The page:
With an exquisite flourish the German sociologist Max Weber brought his 1905 masterpiece, The Protestant Ethic and the Spirit of Capitalism, to a close: “The mighty cosmos of the modern economic order,” he warned, “determines, with overwhelming coercion, the style of life not only of those directly involved in business but of every individual who is born into this mechanism, and may well continue to do so until the day that the last ton of fossil fuel has been consumed.” We’re still burning that fuel, well more than a century on, and we’re still as trapped as ever.
This, at least, is theologian Kathryn Tanner’s contention in her sophisticated and carefully aimed treatise, Christianity and the New Spirit of Capitalism, which began as her 2017 Gifford Lectures. If Weber famously imagined moderns imprisoned within, as his first English translator had it, an “iron cage,” Tanner sees our present confinement as, if anything, yet more totalizing. A more recent translation of Weber’s metaphor renders it “a shell as hard as steel,” and this image, with its acute sense of enclosure, seems closer to the way Tanner imagines our lives, as capitalism’s revolutionary course surges on. She believes, in fact, that we are experiencing the restructuring of “human subjectivity” itself. Beneath all of the obvious material changes of our age—symbolized and effected by the digital revolution—what is going on?
The Manager of the World
Tanner takes as her point of departure the global economy’s turn toward “finance-dominated capitalism.” When, in the 1970s, profits from goods and services began to flatten, investment in the sphere of finance became the best bet for big gains. Corporations devoted to the production of goods—whether cars, grains, or steel—came to depend for survival on the investment of their profits in high-scale financial markets. If, as Tanner writes, “finance is the only place where big money can still be made,” a significant finance component has become critical to any viable growth strategy.
The result has been a manic restructuring of the global market itself—made painfully visible in the aftermath of the 2008 stock market crash—and with it an altered way of life. Finance-dominated capitalism has fostered “its own distinctive spirit,” Tanner observes—“beliefs, values, norms” that have had their way with the human psyche in this “whole social world” global capitalism is spawning. As massive financial institutions and investors have gained leverage over not just corporations but states, autonomy from the global marketplace for institutions of all kinds has been sucked away. Corporations and states have had to continually reinvent themselves accordingly, requiring of all dependents—whether citizens or employees—a fundamental submission to the shifting dictates of the global marketplace in which all are competing and at whose mercy all live.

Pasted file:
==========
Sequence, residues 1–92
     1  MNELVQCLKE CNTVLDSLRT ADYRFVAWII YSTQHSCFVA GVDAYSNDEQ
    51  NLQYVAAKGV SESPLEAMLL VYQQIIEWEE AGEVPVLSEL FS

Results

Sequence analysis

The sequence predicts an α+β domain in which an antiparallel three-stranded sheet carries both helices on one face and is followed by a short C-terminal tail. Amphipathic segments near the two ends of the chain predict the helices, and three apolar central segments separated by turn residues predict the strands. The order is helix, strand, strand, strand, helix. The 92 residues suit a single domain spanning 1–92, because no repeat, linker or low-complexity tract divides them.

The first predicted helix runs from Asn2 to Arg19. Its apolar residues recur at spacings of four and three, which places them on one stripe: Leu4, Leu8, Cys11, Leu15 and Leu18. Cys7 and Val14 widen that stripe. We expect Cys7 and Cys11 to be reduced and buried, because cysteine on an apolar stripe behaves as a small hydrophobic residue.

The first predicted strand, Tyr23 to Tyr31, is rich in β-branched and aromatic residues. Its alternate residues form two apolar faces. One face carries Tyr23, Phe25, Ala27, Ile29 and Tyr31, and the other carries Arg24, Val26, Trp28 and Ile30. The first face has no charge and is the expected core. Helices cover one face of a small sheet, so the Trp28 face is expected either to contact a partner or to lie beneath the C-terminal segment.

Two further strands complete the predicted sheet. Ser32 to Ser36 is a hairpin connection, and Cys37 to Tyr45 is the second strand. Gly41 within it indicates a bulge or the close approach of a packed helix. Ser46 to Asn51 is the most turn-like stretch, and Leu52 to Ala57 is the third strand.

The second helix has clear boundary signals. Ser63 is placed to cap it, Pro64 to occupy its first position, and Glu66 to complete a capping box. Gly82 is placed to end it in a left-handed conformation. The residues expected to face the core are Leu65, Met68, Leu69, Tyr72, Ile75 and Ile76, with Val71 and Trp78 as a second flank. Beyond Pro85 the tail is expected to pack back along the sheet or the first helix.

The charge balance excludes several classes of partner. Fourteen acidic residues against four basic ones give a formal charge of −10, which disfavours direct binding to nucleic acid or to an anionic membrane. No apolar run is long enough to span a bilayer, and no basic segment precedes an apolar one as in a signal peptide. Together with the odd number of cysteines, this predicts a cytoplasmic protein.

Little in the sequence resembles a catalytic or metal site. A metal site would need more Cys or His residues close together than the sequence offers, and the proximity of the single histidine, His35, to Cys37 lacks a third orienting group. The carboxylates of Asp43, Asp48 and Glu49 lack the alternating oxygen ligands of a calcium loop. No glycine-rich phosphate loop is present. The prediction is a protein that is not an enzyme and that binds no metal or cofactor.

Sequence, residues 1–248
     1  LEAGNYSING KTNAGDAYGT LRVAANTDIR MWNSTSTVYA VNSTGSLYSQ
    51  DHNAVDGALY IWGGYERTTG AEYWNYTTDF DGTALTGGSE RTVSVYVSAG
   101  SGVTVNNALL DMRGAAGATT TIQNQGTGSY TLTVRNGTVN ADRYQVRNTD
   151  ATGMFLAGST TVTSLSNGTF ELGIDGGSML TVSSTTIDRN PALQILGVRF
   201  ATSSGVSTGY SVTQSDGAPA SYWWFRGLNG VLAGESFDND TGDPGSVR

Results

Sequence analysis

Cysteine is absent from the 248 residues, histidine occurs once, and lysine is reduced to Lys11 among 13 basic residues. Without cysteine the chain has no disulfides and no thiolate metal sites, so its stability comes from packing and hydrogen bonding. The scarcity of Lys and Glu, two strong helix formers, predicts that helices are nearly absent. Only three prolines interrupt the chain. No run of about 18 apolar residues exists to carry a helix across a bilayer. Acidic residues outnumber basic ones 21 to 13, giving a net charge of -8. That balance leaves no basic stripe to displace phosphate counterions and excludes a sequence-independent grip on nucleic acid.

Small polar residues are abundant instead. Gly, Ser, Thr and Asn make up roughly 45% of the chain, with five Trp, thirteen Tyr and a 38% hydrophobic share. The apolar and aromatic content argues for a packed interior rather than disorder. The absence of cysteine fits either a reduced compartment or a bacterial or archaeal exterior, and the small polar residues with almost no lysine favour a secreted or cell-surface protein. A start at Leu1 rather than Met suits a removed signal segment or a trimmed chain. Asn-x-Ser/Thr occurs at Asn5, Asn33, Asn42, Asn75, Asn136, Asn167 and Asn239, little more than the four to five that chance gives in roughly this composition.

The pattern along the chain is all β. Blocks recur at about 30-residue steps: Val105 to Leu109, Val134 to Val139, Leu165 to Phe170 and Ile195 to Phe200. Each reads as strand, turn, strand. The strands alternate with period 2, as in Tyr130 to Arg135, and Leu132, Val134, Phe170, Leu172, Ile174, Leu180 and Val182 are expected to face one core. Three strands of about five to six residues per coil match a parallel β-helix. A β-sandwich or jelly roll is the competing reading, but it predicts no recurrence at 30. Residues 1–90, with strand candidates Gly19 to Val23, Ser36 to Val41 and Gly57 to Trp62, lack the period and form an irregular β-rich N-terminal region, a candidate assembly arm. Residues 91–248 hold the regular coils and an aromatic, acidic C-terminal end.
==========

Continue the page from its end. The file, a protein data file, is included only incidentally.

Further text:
It’s as if, Tanner suggests, the market has become the manager of the world itself—and an extraordinarily impersonal manager at that. Each business and every state are led by experts whose finely honed skills center on their ability to read the market and adjust institutional movement accordingly, with employees left bowing meekly to their dictates. “The only arena of freedom left to workers would seem to lie in the attitude they choose to assume toward being managed by the market,” suggests Tanner. “Their working lives will conform to market dictates whether they like it or not.”
For evidence of this degree of domination, consider the confession of a freshman in the honors program I direct—and a graduate of a Christian school, to boot. “I came to college for job training,” he admitted in an essay. “I came primarily to learn things that would make me marketable. All of my friends that go to college, no exceptions, see themselves as and want to become products.”
Any who accuse Tanner of hyperbole might consider what it’s like to try to convince such students of another way. The soul of humanity under finance-capitalism is most decidedly under: subjugated, through and through. “For all my self-initiated self-management,” Tanner evocatively writes, “I am self-evacuated, as much as any call center operator, of anything beyond what the market dictates, so that the market seems to be extending its own life in and through me.”